Ebook news digest September 4, 2016
Why I like my e-reader better than my smartphone (TNW)
Although the days of quickly growing the user base are over for ereaders, many book lovers still make the magic discovery how easy and convenient it is to read on an ereader. Here is a tech reporter’s story.
New European publishing rules could cost Google and Facebook (IT Pro Portal)
News publishers in some European countries, like France and Germany already have tried to get a piece of the revenue that online services, such as Facebook and Google generate from the publishers’ content. Some methods have failed, whereas in some cases Google has agreed to pay something to the publishers. Now, EU has taken the topic seriously and is planning a legislation titled Neighboring Rights that would give full control to the publishers to determine who can loan or reference their content. If this initiative moves forward, it is a dramatic change. It will mean big business model reconsideration for many online services.
Meet the Mother Daughter Duo Changing the Face of Digital Nomads
(The Huffington Post)
An exceptional proposition to become a digital nomad: mother with her nine year old daughter. One year in four locations, each on a different continent. Hopes are high at departure, so we would love hear from them after six or twelve months.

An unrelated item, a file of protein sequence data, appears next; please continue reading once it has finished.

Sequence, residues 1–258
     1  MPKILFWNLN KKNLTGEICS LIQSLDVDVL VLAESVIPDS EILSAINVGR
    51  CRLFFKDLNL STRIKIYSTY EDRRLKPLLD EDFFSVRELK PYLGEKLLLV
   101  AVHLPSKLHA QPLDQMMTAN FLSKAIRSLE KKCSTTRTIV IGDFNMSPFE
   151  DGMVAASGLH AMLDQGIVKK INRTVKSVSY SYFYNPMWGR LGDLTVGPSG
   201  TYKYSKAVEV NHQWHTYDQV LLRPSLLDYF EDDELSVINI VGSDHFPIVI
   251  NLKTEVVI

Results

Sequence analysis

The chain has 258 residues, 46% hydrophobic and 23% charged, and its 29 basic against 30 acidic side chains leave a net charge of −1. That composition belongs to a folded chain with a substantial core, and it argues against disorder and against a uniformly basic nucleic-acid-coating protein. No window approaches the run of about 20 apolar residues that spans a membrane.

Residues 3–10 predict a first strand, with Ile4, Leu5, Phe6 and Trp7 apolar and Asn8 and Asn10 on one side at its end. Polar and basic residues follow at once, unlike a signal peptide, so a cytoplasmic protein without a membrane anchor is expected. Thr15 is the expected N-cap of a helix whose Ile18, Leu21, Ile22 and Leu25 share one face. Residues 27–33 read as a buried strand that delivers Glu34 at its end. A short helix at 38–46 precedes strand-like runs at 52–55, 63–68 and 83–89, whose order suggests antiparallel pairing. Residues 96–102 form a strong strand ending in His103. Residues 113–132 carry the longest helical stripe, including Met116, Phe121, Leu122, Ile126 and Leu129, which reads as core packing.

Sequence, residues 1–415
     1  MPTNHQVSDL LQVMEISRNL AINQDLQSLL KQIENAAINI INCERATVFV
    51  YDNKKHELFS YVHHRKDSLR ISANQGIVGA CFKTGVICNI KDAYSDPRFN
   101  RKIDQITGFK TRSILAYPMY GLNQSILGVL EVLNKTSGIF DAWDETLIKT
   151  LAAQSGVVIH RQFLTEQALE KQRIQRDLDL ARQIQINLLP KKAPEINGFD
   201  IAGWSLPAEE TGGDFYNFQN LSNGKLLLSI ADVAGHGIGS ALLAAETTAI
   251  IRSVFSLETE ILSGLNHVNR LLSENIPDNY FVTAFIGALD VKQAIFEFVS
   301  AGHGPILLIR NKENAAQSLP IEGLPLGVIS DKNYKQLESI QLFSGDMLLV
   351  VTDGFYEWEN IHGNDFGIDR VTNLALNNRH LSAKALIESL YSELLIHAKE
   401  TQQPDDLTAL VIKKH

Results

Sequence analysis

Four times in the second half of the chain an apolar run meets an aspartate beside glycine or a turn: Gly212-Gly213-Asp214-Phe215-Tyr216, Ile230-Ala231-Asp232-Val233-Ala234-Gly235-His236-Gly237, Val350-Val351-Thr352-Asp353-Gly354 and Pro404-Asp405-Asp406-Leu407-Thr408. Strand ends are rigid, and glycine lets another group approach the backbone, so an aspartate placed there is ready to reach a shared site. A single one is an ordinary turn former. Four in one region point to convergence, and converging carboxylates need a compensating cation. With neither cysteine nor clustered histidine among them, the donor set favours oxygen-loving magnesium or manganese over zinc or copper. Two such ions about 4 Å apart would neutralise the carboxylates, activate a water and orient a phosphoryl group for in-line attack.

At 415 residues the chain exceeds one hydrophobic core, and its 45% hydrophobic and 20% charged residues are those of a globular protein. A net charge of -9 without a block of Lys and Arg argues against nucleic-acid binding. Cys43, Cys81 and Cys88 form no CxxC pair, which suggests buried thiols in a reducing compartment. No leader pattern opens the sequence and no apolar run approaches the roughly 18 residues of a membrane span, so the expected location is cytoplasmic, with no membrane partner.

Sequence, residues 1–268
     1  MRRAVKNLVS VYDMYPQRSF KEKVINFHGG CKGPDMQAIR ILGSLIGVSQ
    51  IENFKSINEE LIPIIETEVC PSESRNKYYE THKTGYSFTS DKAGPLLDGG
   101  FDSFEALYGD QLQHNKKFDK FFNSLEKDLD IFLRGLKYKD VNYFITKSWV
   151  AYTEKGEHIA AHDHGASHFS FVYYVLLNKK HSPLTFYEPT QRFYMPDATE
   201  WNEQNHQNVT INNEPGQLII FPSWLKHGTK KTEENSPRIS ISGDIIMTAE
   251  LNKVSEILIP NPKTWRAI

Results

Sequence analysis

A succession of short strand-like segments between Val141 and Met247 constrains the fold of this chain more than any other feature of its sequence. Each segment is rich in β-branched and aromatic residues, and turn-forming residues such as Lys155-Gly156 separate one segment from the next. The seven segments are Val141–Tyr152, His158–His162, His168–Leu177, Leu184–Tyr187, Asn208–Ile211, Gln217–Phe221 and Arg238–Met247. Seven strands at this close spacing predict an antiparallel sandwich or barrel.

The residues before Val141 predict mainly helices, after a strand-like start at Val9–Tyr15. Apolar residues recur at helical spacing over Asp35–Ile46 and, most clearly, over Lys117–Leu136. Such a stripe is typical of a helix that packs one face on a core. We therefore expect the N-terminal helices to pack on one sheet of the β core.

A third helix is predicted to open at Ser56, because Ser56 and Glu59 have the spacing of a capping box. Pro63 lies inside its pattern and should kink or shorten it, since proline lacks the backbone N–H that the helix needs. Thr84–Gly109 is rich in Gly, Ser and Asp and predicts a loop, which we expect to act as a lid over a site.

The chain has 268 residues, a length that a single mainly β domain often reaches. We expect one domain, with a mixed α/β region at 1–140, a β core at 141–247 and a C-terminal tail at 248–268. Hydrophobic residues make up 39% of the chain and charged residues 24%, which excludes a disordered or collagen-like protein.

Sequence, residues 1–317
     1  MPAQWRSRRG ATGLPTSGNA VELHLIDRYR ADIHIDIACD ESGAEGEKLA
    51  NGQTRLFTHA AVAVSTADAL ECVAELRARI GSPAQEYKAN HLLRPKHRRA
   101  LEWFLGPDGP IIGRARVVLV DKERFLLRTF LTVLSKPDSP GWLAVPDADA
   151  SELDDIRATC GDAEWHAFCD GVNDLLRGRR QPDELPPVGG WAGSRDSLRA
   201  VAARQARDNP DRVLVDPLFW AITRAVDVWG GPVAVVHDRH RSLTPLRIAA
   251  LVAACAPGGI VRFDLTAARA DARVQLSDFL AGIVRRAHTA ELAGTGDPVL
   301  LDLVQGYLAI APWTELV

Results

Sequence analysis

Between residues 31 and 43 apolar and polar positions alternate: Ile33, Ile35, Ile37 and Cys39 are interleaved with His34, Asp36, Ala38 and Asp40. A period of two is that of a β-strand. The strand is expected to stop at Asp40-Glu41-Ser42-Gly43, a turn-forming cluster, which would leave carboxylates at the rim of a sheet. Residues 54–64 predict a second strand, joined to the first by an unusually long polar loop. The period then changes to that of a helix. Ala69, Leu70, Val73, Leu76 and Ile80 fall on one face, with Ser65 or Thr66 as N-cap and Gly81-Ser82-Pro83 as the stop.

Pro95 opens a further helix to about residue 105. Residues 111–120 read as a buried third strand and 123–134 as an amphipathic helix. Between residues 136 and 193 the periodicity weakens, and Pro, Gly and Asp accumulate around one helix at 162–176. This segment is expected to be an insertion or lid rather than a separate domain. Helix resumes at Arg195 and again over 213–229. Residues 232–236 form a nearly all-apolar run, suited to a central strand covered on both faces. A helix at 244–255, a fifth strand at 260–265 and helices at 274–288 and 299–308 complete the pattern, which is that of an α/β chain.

Lenovo launches Yoga Book: A tablet with touch keyboard, stylus that turns written ink into digital notes (CNBC)
A good keyboard is what most writers require from a laptop. You get the feel and the sound of the keys that are clicking and cracking. Perhaps it simply means that something is being done, but it can be satisfying. Lenovo has introduced another option for a physical keyboard: a touch-sensitive keyboard. The Yoga Book is a tablet/laptop hybrid that has a display where laptops usually have a display, but instead of a physical keyboard, there is another touch sensitive display that is used as the keyboard. We can’t wait to try this one.
The birth of travel photography (Daily Mail)
Never thought of it, but of course, images taken in exotic places were among the first photographs people wanted to have for themselves as memories. All right, perhaps selfies and portraits came first, but travel photography must have been a close second. Rare photos taken 170 years ago in Egypt have been discovered, and they were auctioned to the highest bidder. These pictures shown in the article may have started the whole travel photography hobby and business.
If you travel, write and photograph, perhaps you have a book in you that is seeking a publisher?